businesses which sell goods and services outside of the region,
8.3 JJLone Eagles"rNew Pioneers~l
•
"Lone Eagle" is the Center for the New West's name for the
burgeoning group of knowledge workers who are abandoning life in
large cities and the 9-t0-5 world and moving to small town America
or rural areas, The Nevada State Demographer has identified the
need to conduct a "new pioneer" survey by contacting new
residents Ie find out who they are, what their households are like,
and the skills and resources they bring Ie the state,
•
Lone Eagles are knowledge workers. Many are entrepreneurs -­
people who are comfortable with risks and like to run businesses.
Many are professionals ~~ writers, analysts l brokers, accountants,
attorneys, management consultants, financial advisors, engineers,
-52·
manufacturers' reps - who live by their wits and are tethered to the
outside world by faxes, modems, express mail and airplane tickets.
•
The Center for the New West calls Lone Eagles "a special breed of
knowledge workers" for they liye ang work away from the markets
they servE;. Some live in urban America yet many move to smail
towns and to rural America. Most work at home. Lone Eagles are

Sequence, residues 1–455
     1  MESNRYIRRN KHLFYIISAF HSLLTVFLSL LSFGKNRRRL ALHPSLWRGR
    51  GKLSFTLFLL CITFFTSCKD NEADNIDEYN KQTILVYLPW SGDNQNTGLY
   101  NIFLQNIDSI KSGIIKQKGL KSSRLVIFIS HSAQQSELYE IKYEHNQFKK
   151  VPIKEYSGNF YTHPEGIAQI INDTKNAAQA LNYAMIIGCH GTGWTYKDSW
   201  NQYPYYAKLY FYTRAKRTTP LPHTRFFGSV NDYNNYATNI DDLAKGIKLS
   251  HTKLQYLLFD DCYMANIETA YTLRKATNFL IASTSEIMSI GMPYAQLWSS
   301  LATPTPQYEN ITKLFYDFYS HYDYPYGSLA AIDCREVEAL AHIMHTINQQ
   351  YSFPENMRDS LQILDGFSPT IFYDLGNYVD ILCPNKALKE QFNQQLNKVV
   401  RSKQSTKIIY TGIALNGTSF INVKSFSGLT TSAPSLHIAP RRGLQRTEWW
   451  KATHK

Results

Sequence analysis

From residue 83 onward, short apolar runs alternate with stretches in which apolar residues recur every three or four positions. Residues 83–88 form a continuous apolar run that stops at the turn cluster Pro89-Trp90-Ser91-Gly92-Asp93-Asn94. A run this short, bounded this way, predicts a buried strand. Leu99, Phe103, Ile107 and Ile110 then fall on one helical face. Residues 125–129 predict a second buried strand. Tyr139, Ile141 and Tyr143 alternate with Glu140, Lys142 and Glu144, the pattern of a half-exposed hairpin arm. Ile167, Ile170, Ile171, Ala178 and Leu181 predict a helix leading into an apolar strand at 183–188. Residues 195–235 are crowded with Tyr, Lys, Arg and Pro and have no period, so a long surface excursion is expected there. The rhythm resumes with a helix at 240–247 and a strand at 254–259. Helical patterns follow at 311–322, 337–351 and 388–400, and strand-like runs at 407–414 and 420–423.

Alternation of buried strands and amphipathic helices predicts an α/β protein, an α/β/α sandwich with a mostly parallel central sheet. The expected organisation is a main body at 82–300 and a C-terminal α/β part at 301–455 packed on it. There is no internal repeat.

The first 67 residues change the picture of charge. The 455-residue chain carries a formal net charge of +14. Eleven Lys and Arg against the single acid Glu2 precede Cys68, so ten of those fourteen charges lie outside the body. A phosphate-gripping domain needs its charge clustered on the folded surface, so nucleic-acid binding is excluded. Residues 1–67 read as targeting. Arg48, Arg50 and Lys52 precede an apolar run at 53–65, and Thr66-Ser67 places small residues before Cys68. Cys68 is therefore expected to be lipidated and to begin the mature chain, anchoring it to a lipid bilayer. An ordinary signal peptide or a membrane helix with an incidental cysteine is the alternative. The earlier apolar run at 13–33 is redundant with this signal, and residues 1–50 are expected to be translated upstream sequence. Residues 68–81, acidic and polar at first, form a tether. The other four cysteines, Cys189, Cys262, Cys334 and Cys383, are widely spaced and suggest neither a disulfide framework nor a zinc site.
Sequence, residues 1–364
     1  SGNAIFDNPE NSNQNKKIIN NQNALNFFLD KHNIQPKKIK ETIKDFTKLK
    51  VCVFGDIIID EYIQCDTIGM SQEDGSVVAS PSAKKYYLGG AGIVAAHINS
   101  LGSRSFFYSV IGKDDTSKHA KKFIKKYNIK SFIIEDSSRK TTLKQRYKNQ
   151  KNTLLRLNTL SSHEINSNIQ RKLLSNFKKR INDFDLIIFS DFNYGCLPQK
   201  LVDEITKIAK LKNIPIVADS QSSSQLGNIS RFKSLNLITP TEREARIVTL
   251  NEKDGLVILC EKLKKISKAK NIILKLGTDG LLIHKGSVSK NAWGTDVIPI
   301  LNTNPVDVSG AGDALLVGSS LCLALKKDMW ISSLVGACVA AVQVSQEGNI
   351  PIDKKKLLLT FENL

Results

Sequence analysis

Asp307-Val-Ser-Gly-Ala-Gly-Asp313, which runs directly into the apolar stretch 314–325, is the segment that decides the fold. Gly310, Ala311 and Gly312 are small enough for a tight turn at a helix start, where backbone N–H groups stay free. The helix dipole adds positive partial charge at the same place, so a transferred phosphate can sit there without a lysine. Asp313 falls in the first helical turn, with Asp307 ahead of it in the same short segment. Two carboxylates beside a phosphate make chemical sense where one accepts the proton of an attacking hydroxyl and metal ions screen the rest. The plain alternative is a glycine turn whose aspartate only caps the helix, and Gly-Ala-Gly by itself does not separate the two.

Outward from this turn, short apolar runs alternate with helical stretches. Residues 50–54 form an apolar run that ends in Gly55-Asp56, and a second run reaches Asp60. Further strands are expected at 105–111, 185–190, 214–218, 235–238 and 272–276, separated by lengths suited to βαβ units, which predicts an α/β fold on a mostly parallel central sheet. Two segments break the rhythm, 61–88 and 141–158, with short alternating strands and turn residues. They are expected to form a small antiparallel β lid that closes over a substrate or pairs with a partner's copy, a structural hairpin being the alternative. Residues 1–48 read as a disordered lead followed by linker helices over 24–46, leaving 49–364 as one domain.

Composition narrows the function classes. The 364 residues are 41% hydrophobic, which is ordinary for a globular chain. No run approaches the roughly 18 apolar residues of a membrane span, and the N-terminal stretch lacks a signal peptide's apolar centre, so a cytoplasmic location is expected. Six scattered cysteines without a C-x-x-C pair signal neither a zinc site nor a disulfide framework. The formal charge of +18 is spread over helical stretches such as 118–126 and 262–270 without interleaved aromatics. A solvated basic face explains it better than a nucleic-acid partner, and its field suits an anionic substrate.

the pioneers of the SOHO (Small Office/Home Office) movement,
trailblazers on the Electronic Frontier.
•
Lone Eagles are persons who have "Iocational flexibili\'l in where
their work can be performed and use information technology to sell
products or services to a non-local market" and are ·significantly
more likely to have a higher income than other employed people."
Lone Eagles and telecommuters are more likely than other workers
to use computers, modems, fax machines and voice mail
~-
and
are, therefore heavily dependent on digital swttching and other
modem telecommunications infrastructure which makes using
many of these products possible. •
According to studies, pull factors like good environment. outdoor
recreation opportunities and tile ab~,,"ce of state incomeJl!x were
Significantly more important to Lone Eagles and telecommuters